Improving Ontology Alignment through Genetic Algorithms

Improving Ontology Alignment through Genetic Algorithms

José Manuel Vázquez Naya (University of A Coruña, Spain), Marcos Martínez Romero (University of A Coruña, Spain), Javier Pereira Loureiro (University of A Coruña, Spain), Cristian R. Munteanu (University of A Coruña, Spain) and Alejandro Pazos Sierra (University of A Coruña, Spain)
DOI: 10.4018/978-1-61520-893-7.ch015
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Ontology alignment is recognized as a fundamental process to achieve an adequate interoperability between people or systems that use different, overlapping ontologies to represent common knowledge. This process consists of finding the semantic relations between different ontologies. There are different techniques conceived to measure the semantic similarity of elements from separate ontologies, which must be adequately combined in order to obtain precise and complete results. Nevertheless, combining multiple measures into a single similarity metric is a complex problem, which has been traditionally solved using weights determined manually by an expert, or calculated through general methods that does not provide optimal results. In this chapter, a genetic algorithm based approach to find out how to aggregate different similarity metrics into a single measure is presented. Starting from an initial population of individuals, each one representing a specific combination of measures, the algorithm finds the combination that provides the best alignment quality.
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At present, the role of ontologies for allowing a more effective data and knowledge sharing and reusing is widely recognized (Neches et al., 1991; Guarino, 1998) and a variety of public ontologies exist for different application domains. This innovative technology is considered to be an appropriate solution to the problem of heterogeneity in data, since ontological methods make it possible to reach a common understanding of concepts in a particular domain, supporting the exchange of information between people (or between systems) that utilize different representations for the same or similar knowledge (Ashburner et al., 2000; Gómez-Pérez et al., 2004; Gruber, 1995).

Nevertheless, given that different tasks or different points of view usually require different conceptualizations, utilizing a single ontology is neither always possible nor advisable. This can lead to the usage of different ontologies, although in some cases the different ontologies collectively might contain information that could be overlapping. This, in turn, represents another type of heterogeneity that can result in inefficient processing or misinterpretation of data, information, and knowledge. Having into account that ontologies can interoperate only if correspondences between their elements have been identified and established (Kalfoglou and Schorlemmer, 2003), addressing this problem while at the same time insure an appropriate level of interoperability between heterogeneous systems, requires to find correspondences or mappings that exist between the elements of the different ontologies being used. This process is commonly known as ontology alignment, ontology matching or ontology mapping. The resulting set of inter-ontology relations can be used to adequately exchange information between people, systems and organizations.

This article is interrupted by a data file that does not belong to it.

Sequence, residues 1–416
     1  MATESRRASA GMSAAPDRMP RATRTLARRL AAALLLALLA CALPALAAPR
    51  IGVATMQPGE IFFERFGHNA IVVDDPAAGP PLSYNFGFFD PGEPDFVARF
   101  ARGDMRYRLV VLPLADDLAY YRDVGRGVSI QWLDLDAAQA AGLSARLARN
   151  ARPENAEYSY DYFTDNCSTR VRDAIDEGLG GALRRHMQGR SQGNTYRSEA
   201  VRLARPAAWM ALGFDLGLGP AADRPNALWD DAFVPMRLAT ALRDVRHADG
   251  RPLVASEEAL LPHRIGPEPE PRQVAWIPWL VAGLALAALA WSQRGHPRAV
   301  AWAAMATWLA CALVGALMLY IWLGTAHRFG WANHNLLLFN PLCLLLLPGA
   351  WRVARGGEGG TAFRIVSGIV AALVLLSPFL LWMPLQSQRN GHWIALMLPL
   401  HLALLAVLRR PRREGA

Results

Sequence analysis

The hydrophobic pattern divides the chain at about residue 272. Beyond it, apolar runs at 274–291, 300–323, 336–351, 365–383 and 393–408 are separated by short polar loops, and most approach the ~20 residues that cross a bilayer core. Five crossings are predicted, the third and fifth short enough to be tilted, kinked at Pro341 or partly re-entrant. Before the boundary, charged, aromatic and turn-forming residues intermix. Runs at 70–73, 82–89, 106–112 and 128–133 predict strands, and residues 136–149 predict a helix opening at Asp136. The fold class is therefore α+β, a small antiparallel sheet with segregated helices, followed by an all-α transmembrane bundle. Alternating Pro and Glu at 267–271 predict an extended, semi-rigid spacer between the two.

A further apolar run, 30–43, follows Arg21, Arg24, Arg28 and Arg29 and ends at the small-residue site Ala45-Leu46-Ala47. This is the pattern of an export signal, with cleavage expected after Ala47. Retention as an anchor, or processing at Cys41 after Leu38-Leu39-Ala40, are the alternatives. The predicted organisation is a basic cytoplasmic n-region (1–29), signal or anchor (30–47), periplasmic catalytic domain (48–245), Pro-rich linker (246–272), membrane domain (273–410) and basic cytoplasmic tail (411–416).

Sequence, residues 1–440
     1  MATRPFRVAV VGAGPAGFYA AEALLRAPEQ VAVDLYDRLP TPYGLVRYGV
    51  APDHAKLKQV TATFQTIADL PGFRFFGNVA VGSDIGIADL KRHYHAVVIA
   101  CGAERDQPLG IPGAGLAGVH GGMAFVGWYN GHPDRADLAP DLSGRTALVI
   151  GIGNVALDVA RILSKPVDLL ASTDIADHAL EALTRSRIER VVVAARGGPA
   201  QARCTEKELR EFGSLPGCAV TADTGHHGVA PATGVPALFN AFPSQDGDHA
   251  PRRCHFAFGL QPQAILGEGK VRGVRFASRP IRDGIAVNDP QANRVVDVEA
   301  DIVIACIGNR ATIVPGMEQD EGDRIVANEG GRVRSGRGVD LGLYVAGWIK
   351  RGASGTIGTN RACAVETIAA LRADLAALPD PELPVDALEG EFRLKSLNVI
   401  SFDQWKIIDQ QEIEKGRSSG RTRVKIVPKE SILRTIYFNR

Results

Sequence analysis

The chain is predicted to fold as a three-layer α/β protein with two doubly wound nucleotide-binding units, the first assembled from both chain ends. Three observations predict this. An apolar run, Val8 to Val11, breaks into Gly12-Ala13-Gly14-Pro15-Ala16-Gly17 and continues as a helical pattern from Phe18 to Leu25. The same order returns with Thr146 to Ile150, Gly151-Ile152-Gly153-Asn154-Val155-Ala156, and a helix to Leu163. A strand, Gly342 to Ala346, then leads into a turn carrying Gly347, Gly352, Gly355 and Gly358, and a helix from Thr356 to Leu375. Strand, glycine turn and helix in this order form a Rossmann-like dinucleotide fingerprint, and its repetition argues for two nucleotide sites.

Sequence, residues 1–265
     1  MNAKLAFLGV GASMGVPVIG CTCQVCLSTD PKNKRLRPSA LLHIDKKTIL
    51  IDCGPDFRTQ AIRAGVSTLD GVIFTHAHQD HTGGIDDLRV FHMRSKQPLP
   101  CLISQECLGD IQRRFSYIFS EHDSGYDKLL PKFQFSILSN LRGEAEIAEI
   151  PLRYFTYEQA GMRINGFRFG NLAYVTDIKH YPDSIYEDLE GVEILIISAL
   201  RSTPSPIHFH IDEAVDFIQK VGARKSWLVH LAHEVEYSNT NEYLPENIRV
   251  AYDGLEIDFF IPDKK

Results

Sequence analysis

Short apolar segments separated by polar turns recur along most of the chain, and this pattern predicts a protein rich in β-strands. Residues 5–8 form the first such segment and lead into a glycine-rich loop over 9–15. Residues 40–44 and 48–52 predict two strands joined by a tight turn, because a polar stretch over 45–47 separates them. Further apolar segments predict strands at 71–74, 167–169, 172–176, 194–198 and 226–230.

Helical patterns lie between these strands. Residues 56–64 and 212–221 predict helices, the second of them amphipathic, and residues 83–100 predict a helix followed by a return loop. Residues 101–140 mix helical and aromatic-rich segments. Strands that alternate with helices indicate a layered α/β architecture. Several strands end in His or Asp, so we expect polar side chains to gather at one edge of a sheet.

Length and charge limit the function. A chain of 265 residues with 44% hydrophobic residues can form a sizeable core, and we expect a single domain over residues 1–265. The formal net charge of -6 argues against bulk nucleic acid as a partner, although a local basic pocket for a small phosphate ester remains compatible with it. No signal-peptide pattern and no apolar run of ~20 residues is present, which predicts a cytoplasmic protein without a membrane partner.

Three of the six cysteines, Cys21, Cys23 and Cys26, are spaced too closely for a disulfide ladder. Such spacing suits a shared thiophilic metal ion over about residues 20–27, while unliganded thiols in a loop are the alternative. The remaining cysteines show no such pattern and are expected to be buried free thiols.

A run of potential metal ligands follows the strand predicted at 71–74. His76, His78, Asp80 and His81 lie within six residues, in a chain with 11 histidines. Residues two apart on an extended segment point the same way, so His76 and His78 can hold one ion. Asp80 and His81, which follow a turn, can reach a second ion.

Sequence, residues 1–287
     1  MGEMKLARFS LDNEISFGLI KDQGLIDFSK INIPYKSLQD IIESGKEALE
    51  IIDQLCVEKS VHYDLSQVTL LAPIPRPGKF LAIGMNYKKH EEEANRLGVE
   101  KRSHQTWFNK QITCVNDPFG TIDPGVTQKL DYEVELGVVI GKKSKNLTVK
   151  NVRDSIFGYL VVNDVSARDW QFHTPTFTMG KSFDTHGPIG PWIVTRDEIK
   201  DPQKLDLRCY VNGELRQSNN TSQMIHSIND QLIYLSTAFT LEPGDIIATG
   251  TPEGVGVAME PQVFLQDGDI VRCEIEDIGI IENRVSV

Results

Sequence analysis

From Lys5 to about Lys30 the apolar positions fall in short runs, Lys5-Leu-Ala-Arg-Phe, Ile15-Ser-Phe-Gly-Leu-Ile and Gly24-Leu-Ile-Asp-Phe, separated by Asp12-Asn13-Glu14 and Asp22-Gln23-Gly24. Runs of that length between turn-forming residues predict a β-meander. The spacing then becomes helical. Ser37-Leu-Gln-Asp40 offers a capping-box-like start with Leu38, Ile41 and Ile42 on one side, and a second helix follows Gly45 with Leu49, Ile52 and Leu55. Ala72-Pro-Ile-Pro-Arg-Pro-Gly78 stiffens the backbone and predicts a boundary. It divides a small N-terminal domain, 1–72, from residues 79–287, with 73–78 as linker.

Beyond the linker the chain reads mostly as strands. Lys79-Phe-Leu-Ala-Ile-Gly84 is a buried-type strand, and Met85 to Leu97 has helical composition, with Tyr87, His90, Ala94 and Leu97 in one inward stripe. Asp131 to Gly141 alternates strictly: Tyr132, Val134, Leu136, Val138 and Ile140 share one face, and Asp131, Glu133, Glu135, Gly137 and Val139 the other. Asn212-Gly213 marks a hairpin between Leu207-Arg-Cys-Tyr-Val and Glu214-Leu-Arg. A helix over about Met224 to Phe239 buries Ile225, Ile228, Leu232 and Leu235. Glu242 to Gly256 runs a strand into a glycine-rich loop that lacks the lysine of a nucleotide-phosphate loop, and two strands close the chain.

As such, ontology engineers face the problem of how to map various ontologies to enable a common understanding (Ding et al., 2002), and several methods for identifying the relationships or correspondences between elements associated with different ontologies have been conceived during the last years. Collectively these methods are called ontology alignment techniques. Each one of these techniques provides a numerical value of similarity between elements from separate ontologies that can be used to decide (frequently, according to a predefined threshold) if those elements are semantically similar or not.

Ontology alignment is considered to be a complex, tedious, and time-consuming task, especially when working with ontologies of considerable size (containing, for instance, thousands of elements). In addition, the true potential of ontology alignment is realized when different information-exchange processes are achieved automatically and on real time, thereby providing the framework for reaching a suitable level of efficient interoperability between heterogeneous systems. The importance of automatically aligning ontologies has therefore been a topic of major interest in recent years, and there has been a surge in a variety of software tools dedicated to aligning ontologies in either a fully or partially automated fashion. These tools are commonly referred to as ontology alignment systems.

Due to the complex nature of the ontology alignment problem, the application of a single ontology alignment technique normally is not enough to provide satisfactory alignment results. Because of this reason, most ontology alignment systems combine a set of different alignment techniques, which can be based on different approaches (e.g. lexical, structural, etc.), into a single value of aggregated similarity between ontological elements, and subsequently select the semantic mappings on the basis of the aggregated similarity function. Finding the optimal combination of similarity measures is a complex and hard process, which should be achieved automatically in order to get optimal results. Nevertheless, current similarity aggregation approaches generally use weights determined manually by an expert, or calculated through general methods (e.g. average or sigmoid function) that do not always provide acceptable results. This situation demands an automatic manner of obtaining an acceptable set of weights in a reasonable amount of time.

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